This led to a number of hedge funds going bust during the late 60’s to early 70’s, and the strategy fell out of favor for quite a while, until the late 1980’s saw the massive success of the Tiger Fund became well known. This led to a revival in hedge funds, as investors once again flocked to them, in spite of an even more risky approach than ever, trading heavily in things like currencies, futures, and options to further the potential rewards.
Even though the Tiger Fund and several other hedge funds ended up going belly up some years later, the hedge fund business has continued to grow, and today there are about 10,000 different hedge funds, controlling $3.2 trillion.
For those with a substantial amount of money to invest, and who find normal returns from mutual funds too tame, hedge funds allow investors to get involved in professionally managed funds that attract the very best minds, who are extremely well compensated to really put the pedal to the metal with the funds they manage and aspire to the big potential that these investors hope for.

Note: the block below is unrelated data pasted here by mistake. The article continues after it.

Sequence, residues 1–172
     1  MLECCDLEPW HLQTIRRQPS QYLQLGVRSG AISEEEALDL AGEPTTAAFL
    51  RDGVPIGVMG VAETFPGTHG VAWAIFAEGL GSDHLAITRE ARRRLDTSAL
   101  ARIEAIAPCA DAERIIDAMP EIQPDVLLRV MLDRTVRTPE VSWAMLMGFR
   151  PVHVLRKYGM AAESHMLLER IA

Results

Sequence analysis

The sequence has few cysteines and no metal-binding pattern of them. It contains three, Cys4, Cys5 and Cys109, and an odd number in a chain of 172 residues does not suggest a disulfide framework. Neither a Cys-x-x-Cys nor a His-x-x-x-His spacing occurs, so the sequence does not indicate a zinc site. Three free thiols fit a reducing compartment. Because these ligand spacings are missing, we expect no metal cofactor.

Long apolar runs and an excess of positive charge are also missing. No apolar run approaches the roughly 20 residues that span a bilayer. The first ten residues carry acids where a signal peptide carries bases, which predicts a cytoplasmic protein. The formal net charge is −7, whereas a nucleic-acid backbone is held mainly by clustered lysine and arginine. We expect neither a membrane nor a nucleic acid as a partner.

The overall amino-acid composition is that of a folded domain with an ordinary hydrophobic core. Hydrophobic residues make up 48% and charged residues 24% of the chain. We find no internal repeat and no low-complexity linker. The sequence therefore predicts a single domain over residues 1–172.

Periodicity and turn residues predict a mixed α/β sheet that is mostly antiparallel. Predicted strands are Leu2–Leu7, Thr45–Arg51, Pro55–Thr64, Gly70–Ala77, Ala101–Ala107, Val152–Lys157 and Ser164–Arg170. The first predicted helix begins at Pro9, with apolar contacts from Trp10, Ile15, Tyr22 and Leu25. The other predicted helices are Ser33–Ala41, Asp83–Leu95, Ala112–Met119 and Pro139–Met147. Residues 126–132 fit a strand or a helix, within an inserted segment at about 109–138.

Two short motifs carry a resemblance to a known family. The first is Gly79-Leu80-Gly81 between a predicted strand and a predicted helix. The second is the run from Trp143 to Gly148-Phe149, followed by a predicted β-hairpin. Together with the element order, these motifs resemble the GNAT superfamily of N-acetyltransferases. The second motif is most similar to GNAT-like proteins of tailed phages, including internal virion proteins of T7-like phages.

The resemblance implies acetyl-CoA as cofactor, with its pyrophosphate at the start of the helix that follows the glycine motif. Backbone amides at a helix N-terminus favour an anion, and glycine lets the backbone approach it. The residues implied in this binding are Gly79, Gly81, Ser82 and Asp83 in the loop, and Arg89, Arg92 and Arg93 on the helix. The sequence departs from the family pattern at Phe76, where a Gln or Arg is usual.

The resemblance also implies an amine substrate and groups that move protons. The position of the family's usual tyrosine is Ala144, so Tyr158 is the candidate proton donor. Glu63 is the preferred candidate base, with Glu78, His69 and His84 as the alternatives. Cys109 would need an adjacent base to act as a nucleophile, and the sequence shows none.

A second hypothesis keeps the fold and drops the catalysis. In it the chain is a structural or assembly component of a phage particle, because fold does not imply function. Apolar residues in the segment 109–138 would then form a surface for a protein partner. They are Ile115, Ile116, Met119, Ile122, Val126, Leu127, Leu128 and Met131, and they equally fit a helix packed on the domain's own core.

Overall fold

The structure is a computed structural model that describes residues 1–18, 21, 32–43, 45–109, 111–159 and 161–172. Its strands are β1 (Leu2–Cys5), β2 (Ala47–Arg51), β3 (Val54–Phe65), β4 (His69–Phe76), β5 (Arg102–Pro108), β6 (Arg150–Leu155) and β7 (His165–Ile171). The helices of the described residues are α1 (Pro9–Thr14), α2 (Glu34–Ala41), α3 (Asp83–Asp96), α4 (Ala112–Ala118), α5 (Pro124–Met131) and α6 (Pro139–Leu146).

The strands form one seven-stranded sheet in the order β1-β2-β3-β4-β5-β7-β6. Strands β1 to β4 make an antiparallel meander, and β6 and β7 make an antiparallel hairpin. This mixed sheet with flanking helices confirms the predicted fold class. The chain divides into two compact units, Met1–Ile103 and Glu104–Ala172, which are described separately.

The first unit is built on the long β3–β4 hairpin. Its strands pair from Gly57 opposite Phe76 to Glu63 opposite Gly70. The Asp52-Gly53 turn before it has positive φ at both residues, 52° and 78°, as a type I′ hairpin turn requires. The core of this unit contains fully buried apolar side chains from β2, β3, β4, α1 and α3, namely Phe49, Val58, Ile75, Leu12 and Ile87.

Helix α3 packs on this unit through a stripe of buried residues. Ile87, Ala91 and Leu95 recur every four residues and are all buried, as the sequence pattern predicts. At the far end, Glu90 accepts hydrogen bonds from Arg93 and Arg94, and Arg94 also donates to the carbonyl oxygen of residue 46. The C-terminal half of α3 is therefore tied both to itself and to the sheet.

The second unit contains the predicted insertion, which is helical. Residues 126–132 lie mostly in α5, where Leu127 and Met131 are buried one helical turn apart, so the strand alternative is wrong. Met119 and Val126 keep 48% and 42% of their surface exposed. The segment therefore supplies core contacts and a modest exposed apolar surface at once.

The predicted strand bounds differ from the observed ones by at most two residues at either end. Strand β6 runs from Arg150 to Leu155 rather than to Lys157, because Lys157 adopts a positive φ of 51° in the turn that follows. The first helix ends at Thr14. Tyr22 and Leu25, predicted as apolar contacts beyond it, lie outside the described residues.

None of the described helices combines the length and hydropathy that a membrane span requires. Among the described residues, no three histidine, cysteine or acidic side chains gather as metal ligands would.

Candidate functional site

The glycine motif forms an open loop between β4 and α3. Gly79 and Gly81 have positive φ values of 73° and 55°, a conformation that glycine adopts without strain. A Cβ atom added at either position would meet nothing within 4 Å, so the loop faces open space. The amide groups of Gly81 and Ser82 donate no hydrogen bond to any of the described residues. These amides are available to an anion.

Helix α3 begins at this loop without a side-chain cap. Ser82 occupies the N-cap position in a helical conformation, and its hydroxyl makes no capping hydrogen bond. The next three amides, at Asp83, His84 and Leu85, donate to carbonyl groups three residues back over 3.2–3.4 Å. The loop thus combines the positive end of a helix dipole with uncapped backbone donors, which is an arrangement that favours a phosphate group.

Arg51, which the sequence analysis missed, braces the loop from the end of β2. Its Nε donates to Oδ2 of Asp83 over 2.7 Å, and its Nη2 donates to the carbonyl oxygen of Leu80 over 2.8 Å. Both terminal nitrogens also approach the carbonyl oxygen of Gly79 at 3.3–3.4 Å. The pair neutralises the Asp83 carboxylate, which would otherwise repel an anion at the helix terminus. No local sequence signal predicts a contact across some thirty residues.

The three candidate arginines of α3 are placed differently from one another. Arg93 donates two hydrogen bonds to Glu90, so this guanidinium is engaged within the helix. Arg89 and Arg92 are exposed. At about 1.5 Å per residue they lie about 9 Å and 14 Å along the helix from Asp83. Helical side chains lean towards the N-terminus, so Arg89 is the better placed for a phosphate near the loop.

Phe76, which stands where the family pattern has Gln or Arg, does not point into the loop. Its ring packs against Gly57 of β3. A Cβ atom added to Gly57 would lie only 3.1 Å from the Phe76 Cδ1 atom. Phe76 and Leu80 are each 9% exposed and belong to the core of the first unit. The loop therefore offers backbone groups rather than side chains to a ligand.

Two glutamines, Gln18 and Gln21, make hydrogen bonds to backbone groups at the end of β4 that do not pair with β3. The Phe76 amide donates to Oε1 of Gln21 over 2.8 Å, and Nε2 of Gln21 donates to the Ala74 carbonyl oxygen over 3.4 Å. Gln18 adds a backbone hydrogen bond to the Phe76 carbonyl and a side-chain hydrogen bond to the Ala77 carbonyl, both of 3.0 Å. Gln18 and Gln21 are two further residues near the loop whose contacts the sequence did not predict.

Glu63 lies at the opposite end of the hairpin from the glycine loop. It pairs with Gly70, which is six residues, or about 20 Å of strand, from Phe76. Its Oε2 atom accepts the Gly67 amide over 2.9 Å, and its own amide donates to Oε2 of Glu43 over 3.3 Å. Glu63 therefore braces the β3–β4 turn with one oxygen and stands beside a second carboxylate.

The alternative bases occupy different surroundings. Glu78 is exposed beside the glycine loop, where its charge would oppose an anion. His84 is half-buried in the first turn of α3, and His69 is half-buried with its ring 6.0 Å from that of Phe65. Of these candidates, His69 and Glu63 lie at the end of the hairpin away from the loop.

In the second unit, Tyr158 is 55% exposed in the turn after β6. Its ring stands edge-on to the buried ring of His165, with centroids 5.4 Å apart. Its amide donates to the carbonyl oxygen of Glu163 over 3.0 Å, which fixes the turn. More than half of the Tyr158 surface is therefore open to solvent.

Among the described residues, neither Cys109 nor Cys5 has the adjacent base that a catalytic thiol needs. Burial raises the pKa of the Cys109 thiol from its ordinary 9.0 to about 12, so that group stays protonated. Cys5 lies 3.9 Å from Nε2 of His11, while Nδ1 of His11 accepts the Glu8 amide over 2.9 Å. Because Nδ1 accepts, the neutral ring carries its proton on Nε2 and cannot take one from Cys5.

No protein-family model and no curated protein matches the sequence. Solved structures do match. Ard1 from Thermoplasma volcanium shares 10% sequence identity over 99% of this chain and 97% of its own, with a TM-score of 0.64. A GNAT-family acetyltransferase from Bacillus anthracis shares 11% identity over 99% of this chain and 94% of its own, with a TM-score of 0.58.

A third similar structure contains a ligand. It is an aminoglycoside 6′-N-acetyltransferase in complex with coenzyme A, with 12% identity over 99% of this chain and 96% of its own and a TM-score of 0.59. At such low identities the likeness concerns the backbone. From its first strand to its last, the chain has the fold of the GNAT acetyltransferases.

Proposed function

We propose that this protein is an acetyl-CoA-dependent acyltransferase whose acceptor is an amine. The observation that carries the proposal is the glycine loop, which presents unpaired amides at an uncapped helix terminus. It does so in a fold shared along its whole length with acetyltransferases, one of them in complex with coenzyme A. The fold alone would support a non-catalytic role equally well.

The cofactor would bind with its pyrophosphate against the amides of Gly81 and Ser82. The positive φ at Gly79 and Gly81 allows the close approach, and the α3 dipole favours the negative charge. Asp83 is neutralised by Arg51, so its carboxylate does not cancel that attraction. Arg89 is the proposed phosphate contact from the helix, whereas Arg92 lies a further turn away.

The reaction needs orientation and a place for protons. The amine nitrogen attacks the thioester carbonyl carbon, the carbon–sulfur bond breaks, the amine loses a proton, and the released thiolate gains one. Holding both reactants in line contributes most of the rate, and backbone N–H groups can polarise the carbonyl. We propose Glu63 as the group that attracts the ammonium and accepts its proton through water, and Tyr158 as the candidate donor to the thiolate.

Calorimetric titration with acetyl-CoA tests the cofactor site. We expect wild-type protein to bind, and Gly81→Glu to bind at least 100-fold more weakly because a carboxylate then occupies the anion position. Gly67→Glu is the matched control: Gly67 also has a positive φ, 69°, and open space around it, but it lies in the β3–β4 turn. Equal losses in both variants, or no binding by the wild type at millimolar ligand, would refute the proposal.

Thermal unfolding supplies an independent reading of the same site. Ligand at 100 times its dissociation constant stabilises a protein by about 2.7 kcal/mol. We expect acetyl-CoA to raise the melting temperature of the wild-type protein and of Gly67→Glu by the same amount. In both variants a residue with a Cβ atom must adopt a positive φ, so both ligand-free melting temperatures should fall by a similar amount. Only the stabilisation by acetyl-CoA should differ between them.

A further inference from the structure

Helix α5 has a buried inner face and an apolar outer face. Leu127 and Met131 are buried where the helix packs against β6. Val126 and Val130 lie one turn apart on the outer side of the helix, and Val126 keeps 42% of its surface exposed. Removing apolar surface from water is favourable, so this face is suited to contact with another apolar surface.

How Today’s Hedge Funds Operate
Hedge funds are not anywhere near as tightly regulated as normal funds, and regulators understand that there is a big market for this, funds that aren’t restrained under the normal, very conservative requirements that funds in general are saddled with.
These regulations serve to protect investors from funds that are seen to use strategies that involve greater risk, like short selling, margin trading, investing in currencies, futures, options, credit swaps, arbitrage, distressed equities, and more, yet investors are free to do at least most of these things on their own if they wish.
So why not let funds do the same thing? Well hedge funds have been doing that for a long time now, and these strategies do indeed involve more risk, but this is risk that these investors wish to take on.
However, the SEC doesn’t want to let just anyone invest in these hedge funds, and you have to qualify as an “accredited” investor. To be deemed accredited, one must have an annual income exceeding $200,000, or joint income with a spouse over $300,000, over the last 2 years. One may also qualify by having a net worth exceeding $1 million, including home equity.